Northwest Arkansas Times from Fayetteville, Arkansas on August 8, 1972 · Page 1
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Northwest Arkansas Times from Fayetteville, Arkansas · Page 1

Fayetteville, Arkansas
Issue Date:
Tuesday, August 8, 1972
Page 1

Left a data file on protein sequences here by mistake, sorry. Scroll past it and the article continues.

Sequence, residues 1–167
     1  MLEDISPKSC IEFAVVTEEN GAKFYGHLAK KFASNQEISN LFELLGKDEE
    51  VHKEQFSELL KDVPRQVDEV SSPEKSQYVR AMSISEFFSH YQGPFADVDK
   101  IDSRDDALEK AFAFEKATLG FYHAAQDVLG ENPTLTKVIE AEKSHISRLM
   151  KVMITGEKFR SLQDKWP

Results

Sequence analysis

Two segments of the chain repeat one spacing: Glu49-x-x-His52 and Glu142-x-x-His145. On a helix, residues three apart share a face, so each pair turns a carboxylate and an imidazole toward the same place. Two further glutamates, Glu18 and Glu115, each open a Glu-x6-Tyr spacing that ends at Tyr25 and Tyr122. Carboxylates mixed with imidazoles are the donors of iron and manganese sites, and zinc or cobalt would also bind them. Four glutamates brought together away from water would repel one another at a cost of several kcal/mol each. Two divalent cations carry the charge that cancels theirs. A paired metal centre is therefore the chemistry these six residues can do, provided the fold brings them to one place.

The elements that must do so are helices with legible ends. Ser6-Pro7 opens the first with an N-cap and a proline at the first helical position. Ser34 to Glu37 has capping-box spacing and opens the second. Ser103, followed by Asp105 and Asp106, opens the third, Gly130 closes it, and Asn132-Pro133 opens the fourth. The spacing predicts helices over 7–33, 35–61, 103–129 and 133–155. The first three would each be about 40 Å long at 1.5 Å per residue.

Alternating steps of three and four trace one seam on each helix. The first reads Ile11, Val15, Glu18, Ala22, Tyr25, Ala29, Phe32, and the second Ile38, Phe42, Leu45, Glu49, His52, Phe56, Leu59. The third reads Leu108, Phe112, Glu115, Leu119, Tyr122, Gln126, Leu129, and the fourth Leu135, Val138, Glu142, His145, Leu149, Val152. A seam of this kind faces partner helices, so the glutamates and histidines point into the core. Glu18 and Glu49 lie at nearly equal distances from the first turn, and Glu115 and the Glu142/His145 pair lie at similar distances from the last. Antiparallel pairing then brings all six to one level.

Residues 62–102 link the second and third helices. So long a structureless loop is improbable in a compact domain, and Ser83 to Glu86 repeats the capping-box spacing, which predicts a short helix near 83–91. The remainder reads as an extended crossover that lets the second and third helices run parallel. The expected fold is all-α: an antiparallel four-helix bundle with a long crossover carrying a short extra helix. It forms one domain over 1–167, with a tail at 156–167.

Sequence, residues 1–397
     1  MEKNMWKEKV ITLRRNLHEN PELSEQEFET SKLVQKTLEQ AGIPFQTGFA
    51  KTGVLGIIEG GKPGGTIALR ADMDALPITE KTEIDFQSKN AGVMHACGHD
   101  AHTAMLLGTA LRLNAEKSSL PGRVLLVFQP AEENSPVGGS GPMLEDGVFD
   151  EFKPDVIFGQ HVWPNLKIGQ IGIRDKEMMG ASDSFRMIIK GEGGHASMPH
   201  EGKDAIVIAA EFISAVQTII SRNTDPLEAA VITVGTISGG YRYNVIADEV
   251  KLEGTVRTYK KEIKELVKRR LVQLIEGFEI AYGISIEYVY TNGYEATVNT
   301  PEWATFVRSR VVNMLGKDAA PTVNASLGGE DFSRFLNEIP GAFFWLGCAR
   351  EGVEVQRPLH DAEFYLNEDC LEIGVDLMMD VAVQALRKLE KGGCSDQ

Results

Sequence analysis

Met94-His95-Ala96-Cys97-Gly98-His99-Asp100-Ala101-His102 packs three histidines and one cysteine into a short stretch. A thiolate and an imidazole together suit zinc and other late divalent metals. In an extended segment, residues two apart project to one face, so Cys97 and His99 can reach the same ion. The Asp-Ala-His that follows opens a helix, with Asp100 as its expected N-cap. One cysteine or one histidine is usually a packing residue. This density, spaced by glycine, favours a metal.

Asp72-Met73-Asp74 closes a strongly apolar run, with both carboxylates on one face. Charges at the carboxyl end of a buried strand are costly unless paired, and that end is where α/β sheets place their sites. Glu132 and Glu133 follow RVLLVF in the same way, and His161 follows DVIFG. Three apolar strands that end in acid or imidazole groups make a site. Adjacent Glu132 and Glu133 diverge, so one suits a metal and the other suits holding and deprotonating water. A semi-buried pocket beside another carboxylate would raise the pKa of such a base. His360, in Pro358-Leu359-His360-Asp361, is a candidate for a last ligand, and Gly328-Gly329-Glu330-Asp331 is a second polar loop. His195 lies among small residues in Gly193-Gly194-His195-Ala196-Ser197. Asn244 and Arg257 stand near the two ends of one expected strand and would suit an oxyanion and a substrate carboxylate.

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INtltHH .J'or women ',. 3 Editorial x 4 Spor^';,.,.,,,, ,,-,,.. c-7 Entertainment ,,,....,..,,1, 0 Comics ,.,,,... 10 Classified .. H H-12-13 113th YEAR-NUMBER 47 The Public Interest Is The First Concern Of This FAYETTEVIUE, ARKANSAS, TUESDAY, AUGUST 8, 1972 LOCAL, Partly cloudy with chance of showers lato today; cooler Wed- i uosday; barjmctor 29.93 steady; winds' soulhweslor)'/!,, l sunset today 8; 10, sunrise "Wednesday ' ft 31. , i High Low i Expected today 01) 68 Monday 88 flj) Weather m-ip on page 14. XI4 PAGES-TEN CfcHTf Death Sweeps Bloody Eai^ly Morning Path Along Highway Washington County's tiaffic death toll swelled to 19 for'the year early today when a 36-year-old setpi- trailer .driver died and .two men were injured in a Truck Driver Killed, Two Hurt As Rig Overturns On Hwy. 45 sliding, gi inding 'smashup on Hwy. 45 ea.fat of Fayetteville. Above, left, Tiooper Lany Spencer checks for evidence as he stands between; demolished -Volks- wagen bus and a Fayetteville Fire Department rescue truck. Center, Fire Capt. Earvel'Schader helps a wrecker opeiator attach a line td shattered truck The driver,of a..tractor-trailer iig was killed early today when the rig overturned on Hwy 45 3V4 miles east ot Fayclleville and sltfrnmed into,a Vokswagen bus, demolishing both vehicles. D e a'd is , Herbert; Dale Mourning, 36, of Prairie Grove His b'rgther,'Jack-Mourning," 48, also of Piame Grove, who was No Fault Law } Hinges On Senate Vote WASHINGTON (AP) -- The late of a Bill to implement'no- fault auto insurance /nationwide hangs on a vole scheduled in Ihe Senate by tonight (Related Story on Page 8) Agreemenl was readied Monday to vole by 8 p m on a mo lion by Sen, Roman Hruska, R Neb.,-to send the .Commerce Committee bill to the Judiciary Committee, which would kill the chance of final action dur ing this congicssional session. Sen Marlow Cook, R K y , said he would vote for recorn mital because: "there are wild questions" about the con slitulionality of several provi sions which should be studied by the Judicjary. Committee. " Opening the debate for sup porters, Sen Philip Hart, D jviich , said the bill corrects a situation "where the people tyho suffer most are paid the -least." The; present $28-billion aulb Visuiance industry covering nearly 100 million drivers, Hart ^aid. Is "lopsy turvyi" ·r Few if any senators publicly "oppose the no-fault concept,' but there are differences on the de fcree It may be applied The acl ministration favors no-fault, but prefers state rather than federal aclion. ; ' STATES SLOW ;! But only two states have adopted no-fault laws approaching the proposed federal standards and the process has been extremely slow. Many stale legislative commillees arc dominated by lawyers who would lose much of their couri business under' most forms o[ the no-fault concept. Under today's liability sys tem, a car accident victim car be certain of payment only i he Is not at fault, and the olhef Driver is ncgligenl and also has insurance or assets lo pay a claim. Even Ihcn, the case ma; he settled only afler a long ant costly court suit. a passenger in Ihe tiuck, was reported in salisfactory con dition at the Veterans Ad nmisliation Hospital today The driver of the bus, Ken lelh Campbell, 36, of Route 2, Iindsville, was admitted to Washington General Hospital, vheie he was reporled in fan condition today The injured were taken to Washington Gcn- eial Hospital by Emergency Medical Servic'e 'ambulances. Campbell suffeicd severe lead and spiral injuries when us Microbus was crushed by .lie tiuck, then pushed more ,han 100 feet down the highway Campbell was thrown clear as the vehicles came to icst Stale Police said theaccident occurred at 1 10 a m when a .ractoi trailer rig belonging to ;he Shipley Baking Co of tteville went out of control on "Slaughter Lane" --- : a section of Hwy. 45 named for a family that lived east of Tay- tteville. The vehicle -was headed downhill, crossed the.'ceriler'.line and oveiturned in Ihe roadway colliding with the Volkswagen bus coming fiom the opposite direction. .TRUCK HITS TREES The impact knocked both vehicles off .the road\yay anc Ihe trailer cab knocked down ,wo medium-sized trees. ·Mourning ^vas killed when: he was hurled out. of the cab anc pinned between the side of the crumpled trailer and one of, the fallen trees, State Police naid He was pronounced dead, on arrival,;al Washington Genera Hospital.- Firemen on a ; rescue team r said Mourning ;never regained consciousness. The Fire Department-rescue team was summoned lo free the body, and planned lo cut the tree : away to reach the deac man. Because of the danger o the cab toppling on, rescuers a wrecker using a crane,liftec t h e . c a b away from the body and firemen recovered it. Nineteen persons have been killed in fatality accidents : i n Washington County this year equaling the record;for all ft 1971. A total of 10 persons were killed in the period ending'Aug 8 last year and six,in 1070, when only 10 persons died, during the year. , In 1969, the worst traffic ycai on record, 22 persons died ol county roads during the period A total of 28 persons were hillci in traffic accidents that year. COOLER AIR HITS' STATE By. THE ASSOCIATED PRESS Temperatures plurnmeted'td record low depths eaily today at Little Rock and Fort Smith as Arkansas awaited the ainvel Wednesday of a cold front that is expected to bring slightly ' reduced '·: daytime tempeiatutes and limited thundershowers. .The temperature at.- Fort Smith dipped to 59, breaking the city s previous record of 64 fbr the 'date. At Little Rock, the temperature fell'to G4 early today, tjmg the iccord for the date set in 1879 and-matched iri 1883. T h e National Weather Service said daytime tern ' peratures weie expected' to drop' Wednesday with the invasion of the frontal system The service' said, however, that only limited thundet Showers, were . anticipated Kills Clams ·' SOLOMONS, ; Md. (AP) -More lhan 90 per cent of lh soft-shell clams In the Chcsa peako Bay have died ;as a re suit of tropical storm Agnes which reduced the salt conlen of the bay during June. engine as highway is cleared. At light, police and tiremen remove victim's body after it was freed fiom wreckage. (TIMESphoto by Ken Good) Nashville Aids Tl " V If 1" Thief s Victim NASHVILLE, Tenn. (AP) -- Mashvillians · have donated more than: $800. to'replace'the $225 taken from a woman as she slept outside her husband's hospital room'where he : is con- Fined with a terminal illness. "I just don't know what to say," she said tearfully after being'told .of the donations. Mrs. Alfred, Warren, whc lives in Shelbyville south ol Nashville, fell.asleep early Saturday while keeping, a vigil al St. Thomas Hospital where her husband is in the coronary care unit. She awakened lo find thai someone ; had taken her lasl $225 and her husband's watch The Warrens have five depend ent children, a stack of.unpaic bills and no home Hospital staffers- chipped in $!00. The total climbed to r" as donations continued lo be re ccivcd at the hospital informa lion desk. . . After a story on the woman's plight moved nationally on news wires, a man from Kan sas City called Nashville to of for $100 to the woman. There also were inquiries from Chi cago about where to donate. The largest 'donation was $225 from W. R. Queen, a Nashville tree surgeon. Along with hi check, he sent a quotation froir the Bible: "Let him that stole steal n more: bul lot him labour, .work ing with his hands the thing which is good, that he may have to give lo him that nee delh." (Eph. 4:28) Campaign Pace Increases As McGovern Courts Labor Nixon Softens Threat To End SALT Pact WASHINGTON'(AP)' -- fTgo slow warning to the Soviets has been toned down and endorsed by the White'House in an'effort to appease senators on both sides of- the' U.S.-Soviel arms- limitation agieement. The compromise may have improved chances foi early Senate passage of the agree ment limiting 'offensive, nuclear arsenals; although, initial reacr lion to the developments Mon day was decidedly mixed. The While House publicly en dorsed Sen. Henry M. Jackson's amendment to the five year SALT agreemnt after Jackson eliminated its sliong e'st provision: a note to Russia that installing multiple war heads capable of destroying U.S. missile silos on its :313 largest intercontinental .missiles could threaten American seem ity and cause the United States lo disown the interim SALT agreement. The Washington Democrat .introduced the amendment last week, 1 arousing; a storm of pro lest' from · some · senators who support the: pact. Senate Republican leader Hugh Scott joined Jackson in proposing the amendment, leading some senators to conclude it had White,House sup port from the beginning. NIXON'S REASON' The White House emphasized i l h a d worked with Jackson on the amendment in order, to. win over critics who fear the agreement could endanger. U.S. security because it concedes-the Soviets a temporary edge in the lolal number o f - l a n d - a n d sea- based missiles. Jackson consulted with the White House on the revised amendment, which retains language calling for U.S. negotiators to seek strategic equality in any future SALT treaty with Ihe Soviet Union.; Sen. J.W. Fulbright. D-Ark., Foreign Relations Committee chairman, said he slill isn't satisfied. "I don't think any more of it (CONTINUED ON PAGE TWO) To Clean Up Arkansas Air Pollution Enforcemtent Set LITTLE ROCK (AP) -- An official of' the state Pollution Control arid Ecology Depart ment said Monday the Air Divi- sioni will..'complete.; plans this week for a-three-phase step-up in enforcement procedures against air polluters ·Jarrell.Southall,. chief.of the division, said the enforcement measures were to. insure that Arkansas would, obtain the Na tional Ambient Au Quality Standard by ,1975 as required by the Clean Air Act of 1970. Under the act, all slates must file detailed planslwithHh'e fed! eral Environmental Protecllorj Agency outlining how tHey plan to achieve the standards Southall said computerized projections show Arkansas, can achieve the desired standard by 1975 if it carries out all of tne enforcement procedures in the plan He said the crackdown'is to insure that the state Is J 'on the road to compliance' by 1 January " The Air Division also will begin surveys of about 130 in dustrics' this fall "to collect enough evidence to be sufficient in court in case it comes lo Ihat," he said J! -Southall said most'of Ihe'ih- dustries to be surveyed have filed timetables stating when they would be in compliance with fne state's Air Pollution Control. Code, but'-he isaid the division did not know if the in duslrios; were following timetables t He said industries that h not filed compliance .-schedules and those.ilhat jhave not made satisfactory piogress in con tiolling emissions "can look forward to some adversaiy po silion Qn their part " Senate Rejects Handgun Ban WASHINGTON CAP) --Despite tw.o'. lopsided ' setbacks, Senate advocates of stricter gun-control laws · are trying again to strengthen a bill' lo take from the marketplace small, cheap-handguns called "Saturday' night specials." Sen. Adlai Stevenson HI, D- 111., said he would -offer .an amendment today to require registration of all handguns and the licensing of owners, but its chances .of adoption seemed slim. . ,' A bill the Senate started debating Monday would ban the sale of'snub-nosed, easily concealed handguns not suitable for sporting purposes. Girls Recovering SAN .ANTONIO, Tex. (AP) Two little girls found Sunday after a four-day ordeal in a closet of a vacant house will be released from Wilford Hall Air Force Medical Cenlcr today or Wednesday, a hospital spokesman says. Late Monday night, the girls reportedly were still suffering from dehydration, but were progressing .satisfactorily. Sen Birch B a y h / D I n d , the' bill s chief sponsor, said it would take out of the market place the weapons most commonly used by criminals. The Senate rej'ected 84 to 7 a substitute proposal -by .»Sen. Philip A Hart, D Mich , lo outlaw private possession ot all kinds of handguns. Owners .who turned in their pistols or IE volvers would be compensated at fair-market * value , by. the government , Then, the Senate'defeated 78 to 11 an amendment by Sen, Edward iM. Kennedy,- D-Mass.,' to- require registration of all firearms--rifles · and shotguns as well as handguns--and state or federal; licensing of all gun owners. - , . : The votes were the first,.tak- en'by'the Senate on gun-control legislation since llje , attempted assassination on May 15 of Alabama Gbv. George C. Wallace during his campaign for the Democratic presidential nomination. , . It was the wounding of Wallace, a foe of further federal firearm controls,' that spurred the Senate Judiciary Committee into reporling out the bill sponsored by'Bayh. Bayh opposed both Hart's substitute measure and Kenne- dy's registration licensing pro posal Bayh maintained that it was betlei to stick with legislation that'had f a' chance and'that ·.ybuld : mark some progress to ward curbing'gun violence. Bayh said his bill would pio hibit the sale of handguns of the type used m shooting Wai lace and in assassinating Sen Robert P.' Kennedy. However, Sen.'Edward Ken nedy said the 'Senate slioulci adopt his ; amendment "if we are seriously interested in doing something about crime and violence." Center .Under Way S P R I N G D.'A i, E - Con- stfuclion of the Park Street Community Center began here today. .The : $62,990 center Is being 'built by B and B Con slruction Company of Little Rock. .Company officials expecl the project to be completed in Ihree lo four months. Expected to begin Wednesday. Mayor i Park Phillips said, is construction . of curbs : am gutters for Ihe parking area for Ihe new outdoor recreation area planned for a site adjoining the airport east of Ihe city housing project. Black Union Leaders Back Democrats WASHINGTON (AP) -- With iis" p'aily , poised to, nominate Saigent ShuVer as his new running-mate, Democratic presl- d e n 1 1 d 1 candidate Georga McGovern flies to Miami today lo attack President Nixon's labor record, and ^accept another union endorsement McGovern dug into the Republican economic record in a speech to the, AFL-CIO Amalgamated Clothing Workers union Monday, breaking a tradition df launching Democratic piesiden- tul campaigns with a pro labor speech on Labor Day in Detroit But there is another differ. once this year Those recent Demociatic campaigns had the endorsement and financial backing of the executive board of the AFL CIO which this year has Decided to' endorse no presidential candidate »}' Monday, McGovern. got -"a $25,000 campaign check as'^a first installment from the' president · of the 360,000 member Clothing Workers qmpn 'follow- mg a speech in which he^faulted the Nixon record on unern- ployment inflation, public seiV- ice jobs mtoi national IraSe, minimum wage and the continuing war in Vietnam. READIES 'SPEECH He worked on the speech he'll give in Miami, Beach today' to the 55p,000-'member " Amalgamated Meat Cutters 'union, which earlier endorsed ^hiifj, and on plans to meet: workers on a swing through New Ejig- land later'in the "week. ' ·" . Mearivvhile,' . 'sprric . ZO of lha nation's /leading ' b l a c k umon leaders .announced they'll mifet with t h e , candidate, in .'Miami Beach ·: Wednesday · , . to 'plan /ra coalition; to '.counter., the anU- . , McGovern- forces; led by Al^k CIO President George .Meany,; · An organizer of the meeting said -it. , will ; be: attended By black union ileaders,,wrio ''fool that the re-election of Richard Nixon will almost* certainly result in further development of national policies designed lo (CONTINUED ON PAGE TWO): County Planning Termed Vital As Population Mushrooms "At the tremendous rate of growth that we are having In Wnshinglon County, If we don't do n litllo planning we nre going to bo in trouble," County Judge Vol Lester said Monday. Lester addressed the remark lo two committees concerned with urea planning -- the Coun- ly Planning Commission nntl the Chamber of Commerce Arcn Rclallons Commlltco. Members of ,'. tho Chnnibor lionrd of directors nttcndod ns u gesture of support for the 'planning effort. Lester Btild tho county population Imcl grown nhnut ns much in llio Inst 10 years as it had in the previous 50. He said the population increased 21,901! from 1910 lo 19GO and 21,850 from 1060 to 1970. , The rate of growth demands thai some controls be exercised over county development, he said, hut Indicated the committee would mccl some resistance. "This is not tfoiug , lo be n popular thing, hut 11 is necessary," lie snltl. "1 know they (commission members) arc Inking on one big, undesirable job." Klam L. Dcnhnm nf .Elm Springs, clinlrmnn of tho commission, .ink! the group is investigating county road I'm- p r o v e m o n t , subdivision rcgul n lions, and would eventually look nl county zoning, the Idea that Is expected to draw llio strongest opposition, i "Zoning, is n problem that we renlly haven't studied us yet," Dcnhnm sa'ftl. ','There's a big hurdle. . Mi's difficult lp loll a farmer Hint his farm Inntl will lu'ivc to always be f n r m land, for.agricultural 'use! Mnny of them plan lo cash In oh some type nf development," Lester sold the job facing tho commission I s , "Iromcnjlous." ,1'fntlie'county wo. can only go us fnr ns llio stale laws will cl us," he said. "You know ivc're going In IKS stymied on some things lhal wo want to do." · .- , . . ... Dcnhnm said Bill 'Bonner of the University of Arkansas had studied stntc laws arid written reports on county and city planning ns guidelines for the commission work. Larry Wood .of Springdatc, a planner with the Nnrlhwcsl Arkansas Regional Planning Commission at Sprlngdalc, siiicl his organization has recommended thnt Iho commission attack subdivision relations first, then formulate n land-vise plnn for tho counly n t t d ' f i n a l l y ' w o r k on courtly zoning ordinances. Denham replied Ihat in subdivision regulations the state laws were "hazy" over who would have control of the areas from city limits to fivp m l 1 e s rndius. "We would hope there would be mutual controls," said Denham, raising whal ctty and counly leaders hope will become a key issue In the planning process -- cooperation bclween municipal and rural nrcns. "By gnah, we've got lo work together," said Lester. "I think one of Iho strengths Ihe Area Relations Committee can have is lo keep from getting an 'us' and 'them' relationship. . .pitting city against rural and rural against city," said Millard Goff of Ihe chamber panel. ! "We've got to work with each other. If we don't, we're all going to hang," said Bill Brandon, president of the Chamber of Commerce. · Lester said Hie county needed some control over subdivisions built outside the city limits. "We have, tn the past, had n subdivision go In and we wound up building the ronds," Lester said. "That's not right." Lester said thai builders should bo required to'construct roads ·'· according ' lo counly standards. "When Ihey put In a subdivision, we inherit Ihe roads," Lester said. Lester also said that setback r e q u i r e m e n t s should b e established to prevent property owners from building so close lo roads that expansion would require the movement . or destruction of buildings, "We nil know what Hwy. 71 is causing here' and Ihe tremendous cost to buy that p r o p e . r t y , " Lester sftld, referring to the expansion along qrowded Hwy.' 71 north 'at Pnyeltevillo. · . Denham said that even iha most rudimentary controls over saniiallon were unenforceable under current laws. "As it stands now," he said, "No oho has to get a permit : to build a.- house nr bu(|d anything that they want," '. Lester s n l d - h e would maka more money available for tho c o u n t y rond Mcnllficnllnn program. The county has 3,500 miles of road, mostly unmarked, and hiidKolcd tl.OOO this year to provide marking! for Iho rohds mimbtreo nc* cording to a alato plnn,